By Christy Bassett, NOFA/Mass Communications Director and Homesteader at Barefoot All Natural Farm

If you live in New England and enjoy making and preserving your own food, trying your hand at maple sugaring is a must. Whether you tap one tree in your backyard, or spring for a full-on sugar shack in the woods, time spent amongst the maples will bring you closer to nature and stamp a scent-based memory in your consciousness.

Most of us have at least seen photos or videos of maple sap being collected and/or boiled down (if you haven’t, check out Justamere Tree Farm’s social media pages for their great coverage of their 2021 maple operation), and if you’ve tasted locally made maple syrup, you’re familiar with the unique pride that your sweet tooth feels for our part of the earth.

Each year, our little family of four looks forward to the end of February and early March when the days are warm and the nights are cold, and the sap begins to run. We tap about 20-30 trees and dedicate our weekends for 3-4 weeks to collecting sap and boiling it down into syrup. This yields us 5-10 gallons of maple syrup (depending on how long the weather holds and the sap runs), which is plenty of sweetener for us for the rest of the year. We use maple syrup as a 1:1 substitute for cane sugar in just about any recipe.

While maple syrup is lovely and keeps well just the way it is, sometimes you just need a dry sweetener. For example, one of our favorite things to do as a family is to crash on the couch for movie night with a big bowl of organic popcorn. Sometimes the kids opt for the classic butter and salt version, but usually they beg for cinnamon maple or another maple-sweetened variety. Sprinkling dry maple sugar on freshly popped popcorn (sometimes drizzled with a bit of oil to help it stick) goes over much more smoothly than the sticky mess of straight up maple syrup as a topping.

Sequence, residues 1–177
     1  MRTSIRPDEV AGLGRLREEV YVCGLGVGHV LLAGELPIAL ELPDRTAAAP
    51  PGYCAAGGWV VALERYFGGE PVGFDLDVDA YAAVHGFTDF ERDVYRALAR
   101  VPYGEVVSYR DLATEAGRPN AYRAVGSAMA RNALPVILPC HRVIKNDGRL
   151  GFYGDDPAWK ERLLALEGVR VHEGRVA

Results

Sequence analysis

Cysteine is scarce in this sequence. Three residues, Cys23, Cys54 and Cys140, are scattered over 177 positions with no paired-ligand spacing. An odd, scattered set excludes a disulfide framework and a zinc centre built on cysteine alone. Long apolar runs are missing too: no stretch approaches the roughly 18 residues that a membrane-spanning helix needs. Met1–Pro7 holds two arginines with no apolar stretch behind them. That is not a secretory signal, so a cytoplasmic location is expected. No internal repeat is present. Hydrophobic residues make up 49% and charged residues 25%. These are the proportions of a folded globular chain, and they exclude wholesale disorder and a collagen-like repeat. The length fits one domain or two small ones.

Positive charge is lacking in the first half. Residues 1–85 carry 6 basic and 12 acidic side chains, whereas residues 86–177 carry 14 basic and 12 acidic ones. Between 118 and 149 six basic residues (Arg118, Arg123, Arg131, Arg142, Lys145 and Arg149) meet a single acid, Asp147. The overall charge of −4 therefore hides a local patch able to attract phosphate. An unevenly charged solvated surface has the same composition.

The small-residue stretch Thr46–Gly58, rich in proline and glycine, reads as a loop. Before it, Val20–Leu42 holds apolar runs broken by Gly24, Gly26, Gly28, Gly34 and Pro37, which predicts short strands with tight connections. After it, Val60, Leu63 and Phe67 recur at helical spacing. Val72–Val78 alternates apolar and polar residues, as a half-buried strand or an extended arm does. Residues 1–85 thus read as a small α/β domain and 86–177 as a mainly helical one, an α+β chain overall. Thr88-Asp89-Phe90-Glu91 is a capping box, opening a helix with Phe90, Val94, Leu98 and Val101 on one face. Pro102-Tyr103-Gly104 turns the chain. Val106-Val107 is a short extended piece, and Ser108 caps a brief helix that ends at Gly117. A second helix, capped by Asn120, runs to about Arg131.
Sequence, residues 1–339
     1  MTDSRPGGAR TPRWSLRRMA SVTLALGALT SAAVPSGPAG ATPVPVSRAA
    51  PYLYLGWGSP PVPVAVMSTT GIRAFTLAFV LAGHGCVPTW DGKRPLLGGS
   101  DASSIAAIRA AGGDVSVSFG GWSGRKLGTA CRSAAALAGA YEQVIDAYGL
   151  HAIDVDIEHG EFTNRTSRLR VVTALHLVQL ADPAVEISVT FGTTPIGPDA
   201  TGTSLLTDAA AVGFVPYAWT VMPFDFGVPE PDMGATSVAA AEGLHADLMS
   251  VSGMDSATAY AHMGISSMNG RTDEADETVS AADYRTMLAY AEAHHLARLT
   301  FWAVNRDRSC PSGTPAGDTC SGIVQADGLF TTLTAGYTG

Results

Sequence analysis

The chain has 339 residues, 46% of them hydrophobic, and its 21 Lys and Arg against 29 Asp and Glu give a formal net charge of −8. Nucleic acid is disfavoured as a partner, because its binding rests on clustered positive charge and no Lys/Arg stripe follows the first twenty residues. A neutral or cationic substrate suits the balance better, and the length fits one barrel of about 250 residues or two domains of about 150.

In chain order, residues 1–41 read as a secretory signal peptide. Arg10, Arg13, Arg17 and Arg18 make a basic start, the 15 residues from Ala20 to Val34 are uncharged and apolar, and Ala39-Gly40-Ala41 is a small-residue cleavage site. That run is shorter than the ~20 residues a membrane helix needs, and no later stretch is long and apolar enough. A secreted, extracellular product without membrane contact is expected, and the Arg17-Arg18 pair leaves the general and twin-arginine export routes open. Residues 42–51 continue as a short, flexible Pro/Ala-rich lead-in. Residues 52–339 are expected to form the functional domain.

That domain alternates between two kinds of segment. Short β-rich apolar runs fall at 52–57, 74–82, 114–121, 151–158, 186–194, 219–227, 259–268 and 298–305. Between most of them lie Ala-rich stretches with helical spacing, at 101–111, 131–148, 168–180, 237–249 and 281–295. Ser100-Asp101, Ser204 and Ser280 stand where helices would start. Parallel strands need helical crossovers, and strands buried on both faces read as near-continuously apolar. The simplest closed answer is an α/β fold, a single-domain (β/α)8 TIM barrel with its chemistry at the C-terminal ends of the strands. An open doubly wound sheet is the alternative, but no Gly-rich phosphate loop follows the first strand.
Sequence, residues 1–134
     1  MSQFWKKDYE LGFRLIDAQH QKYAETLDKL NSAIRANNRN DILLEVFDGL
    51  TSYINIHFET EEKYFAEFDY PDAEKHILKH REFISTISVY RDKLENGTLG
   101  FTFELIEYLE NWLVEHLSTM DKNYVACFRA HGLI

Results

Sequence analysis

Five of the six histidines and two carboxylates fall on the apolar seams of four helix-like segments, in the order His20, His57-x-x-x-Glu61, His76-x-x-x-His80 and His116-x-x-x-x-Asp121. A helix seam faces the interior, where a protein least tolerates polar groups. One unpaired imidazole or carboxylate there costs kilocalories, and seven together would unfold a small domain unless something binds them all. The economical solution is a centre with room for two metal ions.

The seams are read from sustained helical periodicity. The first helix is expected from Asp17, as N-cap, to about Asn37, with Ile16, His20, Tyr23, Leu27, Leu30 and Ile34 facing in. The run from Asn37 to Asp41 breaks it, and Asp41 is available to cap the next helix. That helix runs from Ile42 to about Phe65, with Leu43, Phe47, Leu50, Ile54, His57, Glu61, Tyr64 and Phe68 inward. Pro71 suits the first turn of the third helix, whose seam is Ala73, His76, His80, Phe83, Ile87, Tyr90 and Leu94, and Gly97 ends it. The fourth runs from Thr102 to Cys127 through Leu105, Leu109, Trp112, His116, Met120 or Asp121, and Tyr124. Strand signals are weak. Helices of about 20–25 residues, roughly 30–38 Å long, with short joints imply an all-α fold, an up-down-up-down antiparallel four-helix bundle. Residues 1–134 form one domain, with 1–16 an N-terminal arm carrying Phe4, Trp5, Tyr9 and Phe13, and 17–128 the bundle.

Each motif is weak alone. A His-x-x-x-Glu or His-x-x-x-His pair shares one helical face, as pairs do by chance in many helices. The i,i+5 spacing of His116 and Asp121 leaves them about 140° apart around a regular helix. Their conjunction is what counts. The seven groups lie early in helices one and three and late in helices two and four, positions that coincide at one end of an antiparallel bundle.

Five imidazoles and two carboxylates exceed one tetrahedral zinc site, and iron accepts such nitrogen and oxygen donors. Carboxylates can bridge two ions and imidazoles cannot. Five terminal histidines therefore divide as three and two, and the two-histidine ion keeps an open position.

Making maple sugar from maple syrup is simple, but it does take a bit of elbow grease (or perhaps an electric mixer). But if you’re into self-reliance, that won’t scare you off.


  1. Add maple syrup to a medium-large pot and place on the stovetop. The pot should be deep enough that there is plenty of room for the maple syrup to boil and bubble up without spilling over. Heat on medium-high heat for about 20 minutes until it reaches 250-266 degrees F (hard ball candy stage). Tip: do NOT stir while the syrup is heating up. This can cause the sugar to crystallize prematurely and turn into a hard rock. You can lower the temperature or add a coating of butter or other fat to the rim of the pot to keep the syrup from boiling over if it seems to be creeping up too high.
  1. Once at the proper temperature, remove the syrup from heat and immediately begin stirring. (And don’t stop!) The syrup will begin to thicken and change color. You may get tired and need a partner to swap out with you, but really, don’t stop stirring. If you do, the syrup will ball up and become hard and you’ll have to add water and start from scratch again. After about 5 minutes of stirring the syrup will begin to granulate and turn into a powder. (We love to watch the poof of steam that rises when the liquid finally gives up and vacates.)
  1. Strain the granulated sugar through a mesh strainer to separate the bigger balls of sugar that didn’t completely granulate. These make a delicious ice cream or dessert topping. Store your beautiful homemade maple sugar in an air tight container indefinitely. One pint of maple syrup will make about one pound of maple sugar.

Here’s an amateur video of us making maple sugar by hand. Or, if you’re looking for an easier way to convert your syrup into sugar, use a stand mixer to do the stirring for you.

Bonus things to try with maple:

  • Substitute maple sap for water in your tea. (Tip from NOFA/Mass Policy Director Marty Dagoberto that has changed my life!) I haven’t yet found a tea blend that this doesn’t work well with.
  • Make your own 3 ingredient ice cream with maple syrup, local milk and eggs.
  • Use maple sugar as a topping for yogurt or cinnamon toast.

Visit to find a source of local, sustainably produced, maple syrup near you.